NZ pair upset at flood cash 'racism'

By Hayden Donnell

A Kiwi couple caught up in the Queensland floods say they are disgusted at being denied Government assistance because they are from New Zealand.

Aaron and Kasey House have been living in Australia for nearly six years and two of their three children were born there.

They were trapped in their home at Goodna between Ipswich and Brisbane as flood waters rose last week.

Though their house was not flooded, they have not been able to return to work until this week and neither has accumulated annual leave at their new jobs.

But Mr House says when they applied to Government support agency Centrelink for an Australian Government Disaster Relief Payment, they were turned down because they are "not Australian".

His Australian next door neighbours were granted the payment.

"I was disgusted," he says. "I have never heard anything so racist in all my life to be told 'Yes you went through the same disaster as us, yes you live over here, but we are not going to help you because of where you were born'.

"We've got a couple of kids that were born in this country. I thought the Government would at least consider them."

Toby Turner, a New Zealand hydrologist and engineer living in Brisbane, says he had the same experience applying for the disaster relief payment.

Flood damage to lower floors is expected to keep him out of his third-floor riverside apartment for another three weeks.

He is staying with a friend, who has had to delay getting a new flatmate into his house, while paying $200 rent a week for his inaccessible apartment.

Despite that, Centrelink told him he is ineligible for disaster relief because he is a New Zealand citizen, he says.

"It will end up costing my friend over $1,000 in lost rent, and I am still paying $200 a week rent for the room I can't stay in.

"I pay taxes here, I've lived here for three years.

"Australian [permanent residents] in the exact same situation as me are compensated. I'm at a loss, it's costing me a fortune."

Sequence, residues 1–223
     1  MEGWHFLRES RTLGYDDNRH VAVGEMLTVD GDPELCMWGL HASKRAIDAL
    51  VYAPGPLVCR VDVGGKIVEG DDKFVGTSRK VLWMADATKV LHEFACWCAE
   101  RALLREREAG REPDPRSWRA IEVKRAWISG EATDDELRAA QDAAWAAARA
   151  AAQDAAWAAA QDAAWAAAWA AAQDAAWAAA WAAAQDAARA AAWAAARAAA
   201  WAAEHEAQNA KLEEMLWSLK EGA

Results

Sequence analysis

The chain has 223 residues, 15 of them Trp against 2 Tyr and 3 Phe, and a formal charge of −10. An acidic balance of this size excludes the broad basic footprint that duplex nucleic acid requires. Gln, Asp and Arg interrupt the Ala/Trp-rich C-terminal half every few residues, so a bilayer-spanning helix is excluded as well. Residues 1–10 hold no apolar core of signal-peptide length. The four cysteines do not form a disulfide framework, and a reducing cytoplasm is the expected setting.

Centrelink General Manager Hank Jongen says New Zealand immigrants such as Mr and Mrs House, who arrived in Australia after February 26, 2001, are issued a 'non-protected' Visa.

They are not entitled to social security payments such as the Australian Government Disaster Relief Payment despite living indefinitely in Australia, he says.

"Non-Protected Special Category Visa holders are not Australian Residents for Social Security purposes, however, they can qualify for Disaster Income Recovery Subsidy (DIRS) if they meet eligibility requirements. They are also entitled to Family Assistance Payments and some concession cards."

Kiwis who have been living in Australia since before February 2001 or who lived there for a year in the two years prior to that date qualify for protected Visa status, allowing them to claim social security.

The House family may qualify for more benefits by applying for permanent resident status and serving the two year resident waiting period, says Mr Jongen.

Mr House said his family had inquired about the income recovery subsidy but as he and his wife were only off work for one week they were only entitled to a one-off payment of $270.

The Australian Government Disaster Recovery Payment gives $1000 to each adult and $400 to each child affected by the floods in Queensland.

It is intended to go toward to paying bills, restocking food that had gone to waste and recovering lost wages

Mr House says being denied that money means his family will have to dip into savings they had put aside for a house to take care of their children.

"It's not cheap to get daycare. It's $500 a week. We still had to pay that even though the kids weren't there. We're not going to be able to pay any bills until we get paid again.

"Kasey was in tears when they told us we weren't getting that money. It definitely makes us feel like second class citizens."

Labour leader Phil Goff said the confusion regarding what New Zealanders affected by the floods were entitled to had to be resolved quickly.

"Kiwis working in Australia who have lost their homes and their jobs because of this natural disaster and through no fault of their own need help now," Mr Goff said.

"John Key must urgently take this issue up with the Australian Government."

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